“You have to draw the lines” and some other thoughts

Jon Reed wrote an excellent article on work life balance http://diginomica.com/2015/08/21/pulling-truth-from-the-viral-absurdity-of-the-amazon-workplace-debate/ and that prompted some thoughts in my mind based on my own work and life over the last two decades.

There are two simple principles in life that keep me sane when I follow them both religiously. And when I don’t follow them , it invariably screws me over 

1. We have to draw lines when it comes to how we want to lead our lives . If we don’t do that, someone else will draw it for us and we won’t always like it – in fact most times we will hate it .

2. There will always be some people smarter and luckier than us . We have to make peace with that quickly and not let it drive us nuts every day

Work life balance is just one example for this . I have a job that needs me to travel most weeks . If I don’t draw a line – I could easily be traveling every day of the week , all year , for my employer’s business . So I do draw reasonable lines and try to be home as much as I can . In the process of drawing these lines , I might lose out on some opportunities and the price to pay for that might be high. What often makes it hard is that we have to draw these lines without perfect data . But if I don’t draw that line – I won’t have a life outside work at all.

In my job, I spend a lot of time negotiating with customers, partners and my own colleagues . One of the  golden rules of negotiations is that “they will keep asking till you say no”. Saying no doesn’t come naturally to me . But if I don’t say no when required , then I can’t fairly complain when I am asked to do things that I don’t like . So I learned to say No and it helps a lot in managing my life on my terms . This is true outside work too.

Then there are the people who think being difficult is a badge of honor . In reality, it’s exactly the opposite . Being easy to work with is much harder than being difficult . If you want to be easy to work with, you need to make principled compromises on the fly . Being difficult is just an easy way to buy more time to make decisions . It slows things down and then no one will want to work with you any way. Being easy to work with comes at a high risk and it could be taken as a sign of weakness by some . But when you can combine being easy to work with AND the ability to draw lines when required , you will get somewhere you like .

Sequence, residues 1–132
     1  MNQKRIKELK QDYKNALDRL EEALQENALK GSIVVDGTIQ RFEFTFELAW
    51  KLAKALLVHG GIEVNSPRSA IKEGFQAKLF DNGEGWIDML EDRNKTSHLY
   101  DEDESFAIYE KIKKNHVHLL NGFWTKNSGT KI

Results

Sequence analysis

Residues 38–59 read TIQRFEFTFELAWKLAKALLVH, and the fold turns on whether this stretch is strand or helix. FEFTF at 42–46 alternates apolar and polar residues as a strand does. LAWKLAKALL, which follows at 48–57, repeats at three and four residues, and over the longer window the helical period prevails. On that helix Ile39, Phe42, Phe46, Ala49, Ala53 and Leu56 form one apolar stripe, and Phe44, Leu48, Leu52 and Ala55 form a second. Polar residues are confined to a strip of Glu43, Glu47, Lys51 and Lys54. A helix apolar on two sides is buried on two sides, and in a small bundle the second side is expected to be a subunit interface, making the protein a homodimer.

I have always worked with a lot of over achievers . It is hard to not compare myself from time to time with them. There are many who are significantly more successful than me in any dimension I choose to compare – money , how fast they progressed in their career, how big is their house – or pretty much anything at all. It’s partly good fodder for motivating me to try harder , but for the most part it just made me miserable . Then I realized that there are two aspects that I am not considering 

1. They might be better at one dimension – like say they made it to executive ranks sooner than I did . But they have also paid a price for that – like sacrificing on quality time with family . Some chose to not marry or not have kids , unlike me . I wanted a family and when I add that to the framework, I no longer felt like an under achiever . 

2. There are always elements of luck, risk taking ability and intelligence that they may have that I have no control over whatsoever  . So why stress over that at all ?

This perspective is not something I have had all my life . I got it while I took a time out between my last job and my current job . It just made me realize that the only way to do a meaningful comparison is to see if I am better today than I was yesterday . Words cannot explain how peaceful I felt when I came to that conclusion . I just needed to get off the hamster wheel before I could get that clarity in my mind .

I will stop this with one last thought . If we don’t keep skills sharp , and keep learning all the time – our ability to say no will decrease at an alarming rate . And at a certain level , it might get to a stage where you cannot make peace with it . So it’s in our own best interests to stay relevant .


Published by Vijay Vijayasankar